The Nine Components of Project Based Learning
What follows are, in my experience, the nine most critical component parts of PBL.
1. Alignment to both skills and content
All PBL should start first with a standard and the specific skills that must be learned to master that standard. Take care to include not just academic skills but also SEL and career-ready skills, which often overlap. Thanks to both the multi-faceted work process necessary for and collaborative nature of PBL, it’s naturally rich in opportunities to leverage career-relevant and SEL skill development, so long as they are built into the process with intention.
I frequently refer educators to the World Economic Forum, which routinely updates and publishes a list of the top 10 in-demand, future-ready career skills. Their current list of most in-demand career skills by 2022 includes: 1) analytical thinking and innovation, 2) active learning and learning strategies, 3) creativity, originality and initiative, 4) technology design and programming, 5) critical thinking and analysis, 6) complex problem-solving, 7) leadership and social influence, 8) emotional intelligence, 9) reasoning, problem-solving and ideation, 10) systems analysis and evaluation.
I also refer educators to the Technical Assistance Center of New York’s Life/Career Competencies Framework. It’s an excellent tool designed to help teachers identify life/career competencies and assess students' growth in each.
Authentic PBL has real-world application and provides students opportunities to link their learning in school to various career paths. When the crux of the project centers upon a problem with real-world relevance, students have the opportunity to use authentic resources—tools, technologies, and sources for research—as professionals would. Wherever possible, PBL should aim to leave room for students to bring in their personal interests and passions.
3. Thought-provoking problem or question
The project centers around an essential and real-world question or problem whose answer or solution is neither binary nor black and white. Rather, the solution requires creative and original thinking, planning, and doing.
4. Student voice
As students complete the project, they are not only given the opportunity to express their ideas and opinions, but they are also expected to do so. Importantly, every student must have a voice, and groups of students should aim to give every team member equal time and opportunities to use their voices, to participate in decision-making and to share responsibility for the outcomes related to the task.
5. Student choice
Throughout the project, students can make decisions about their learning. For example, they can choose what type of project to complete, how they want to publish their project, how
The Buck Institute’s Project Based Teaching Rubric includes, at the most proficient level, the “Gold Standard PBL Teacher” column, which is a detail rich resource for educators working towards proficiency. But, many teachers express they are overwhelmed when they read this rubric. For those still practicing and experimenting with PBL, I encourage them to select a handful of the points from the Gold Standard column to work towards, rather than feeling like they must hit them all every time.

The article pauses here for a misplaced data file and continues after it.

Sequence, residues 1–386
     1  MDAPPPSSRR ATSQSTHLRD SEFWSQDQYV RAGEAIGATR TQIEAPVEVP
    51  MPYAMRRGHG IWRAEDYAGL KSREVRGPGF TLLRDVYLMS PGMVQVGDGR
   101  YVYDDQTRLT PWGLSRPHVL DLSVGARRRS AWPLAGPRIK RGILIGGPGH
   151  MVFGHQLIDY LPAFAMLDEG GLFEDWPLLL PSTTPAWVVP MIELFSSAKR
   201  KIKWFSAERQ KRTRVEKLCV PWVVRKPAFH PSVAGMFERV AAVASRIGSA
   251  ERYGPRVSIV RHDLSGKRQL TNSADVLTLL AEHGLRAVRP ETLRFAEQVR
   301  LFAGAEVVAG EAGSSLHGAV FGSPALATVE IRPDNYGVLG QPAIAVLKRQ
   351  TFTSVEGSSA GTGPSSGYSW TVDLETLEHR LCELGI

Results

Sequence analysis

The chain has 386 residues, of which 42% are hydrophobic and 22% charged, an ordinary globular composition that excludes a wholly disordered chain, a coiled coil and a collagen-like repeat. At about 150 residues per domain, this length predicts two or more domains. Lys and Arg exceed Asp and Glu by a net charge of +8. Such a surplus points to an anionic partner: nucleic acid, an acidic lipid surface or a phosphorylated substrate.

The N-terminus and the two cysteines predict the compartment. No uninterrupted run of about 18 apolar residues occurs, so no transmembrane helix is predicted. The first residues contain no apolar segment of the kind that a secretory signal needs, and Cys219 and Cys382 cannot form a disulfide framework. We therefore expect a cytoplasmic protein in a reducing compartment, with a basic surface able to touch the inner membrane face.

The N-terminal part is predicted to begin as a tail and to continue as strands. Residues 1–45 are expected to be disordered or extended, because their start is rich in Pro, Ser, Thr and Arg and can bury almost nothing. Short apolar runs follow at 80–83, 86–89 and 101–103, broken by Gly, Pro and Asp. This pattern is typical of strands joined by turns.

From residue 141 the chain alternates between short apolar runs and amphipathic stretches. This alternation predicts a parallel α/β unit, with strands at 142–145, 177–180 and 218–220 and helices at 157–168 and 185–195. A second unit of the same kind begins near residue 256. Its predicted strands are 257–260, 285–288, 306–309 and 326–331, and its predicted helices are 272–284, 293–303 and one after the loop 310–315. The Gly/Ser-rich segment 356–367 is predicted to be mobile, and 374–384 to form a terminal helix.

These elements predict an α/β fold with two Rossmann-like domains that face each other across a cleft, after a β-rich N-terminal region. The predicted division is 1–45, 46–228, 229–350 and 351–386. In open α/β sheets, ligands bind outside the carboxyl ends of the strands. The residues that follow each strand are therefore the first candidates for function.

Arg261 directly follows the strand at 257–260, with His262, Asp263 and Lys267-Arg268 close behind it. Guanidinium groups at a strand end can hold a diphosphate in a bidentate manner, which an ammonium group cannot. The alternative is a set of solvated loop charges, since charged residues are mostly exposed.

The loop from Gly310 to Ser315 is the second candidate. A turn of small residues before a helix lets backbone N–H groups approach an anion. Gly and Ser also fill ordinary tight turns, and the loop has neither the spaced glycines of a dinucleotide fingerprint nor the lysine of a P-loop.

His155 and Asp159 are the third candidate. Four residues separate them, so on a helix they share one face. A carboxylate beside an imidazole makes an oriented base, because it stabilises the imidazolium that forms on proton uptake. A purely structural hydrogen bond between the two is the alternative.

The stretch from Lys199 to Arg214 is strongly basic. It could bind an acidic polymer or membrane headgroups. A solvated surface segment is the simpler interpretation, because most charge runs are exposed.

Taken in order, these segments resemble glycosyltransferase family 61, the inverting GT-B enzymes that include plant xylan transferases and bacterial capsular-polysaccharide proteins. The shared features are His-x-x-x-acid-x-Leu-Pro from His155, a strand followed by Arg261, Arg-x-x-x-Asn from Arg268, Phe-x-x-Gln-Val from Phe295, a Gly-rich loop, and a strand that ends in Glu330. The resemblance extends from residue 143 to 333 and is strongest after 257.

7. Time for reflection of learning
Teachers must take care to set aside time throughout the project to reflect with students on their learning. Reflection can happen in group or class discussion, through journaling, or through check-ins with individuals. As students reflect, teachers assess their progress so far, look for students/groups in need of additional support, and intervene as needed to guide groups through obstacles they may have confronted.
8. Feedback & revision
Prior to students submitting the final deliverable, students should receive formal critique of their work so far. Feedback can come from the teacher or from other students. From there, time is allotted for students to apply feedback in order to improve upon their project before completion.
9. Public audience
Upon project completion, students present in front of an audience of professionals or community members with expertise and/or employment in the industry/field pertinent to the project. Where an industry audience isn’t feasible, alternatives can include audiences comprised of students in other classes/grades, family members, or school staff.
Examples Premises of PBL
The following are premises I often share with teachers that can easily incorporate all nine components of PBL.
Analyze a product developed by a company. Design a marketing campaign to encourage consumers to buy the product. Share campaigns with a company and ask their thoughts on its potential effectiveness.
Analyze the building plans of a certain building. Collaboratively decide how to improve the design for efficiency or cost. Present plans to a builder for feedback.
Collaboratively design a plan for school literacy night.
Fourth grade, literacy project: Develop a business brochure. Students select a business in the community for which they will develop a brochure. Students learn about the business (its products, its customers, its prices, and so on) and then create a brochure for them. They share it with an employee of the business who gives them feedback. Students apply feedback and send the updated version back for approval. Once it’s approved, students print the brochure and present it to the business.
What are some of your favorite PBL premises? Or how can I help you come up with some for your class? I’d love to connect.
Website: Reflective Learning, LLC
Facebook: Sherry St Clair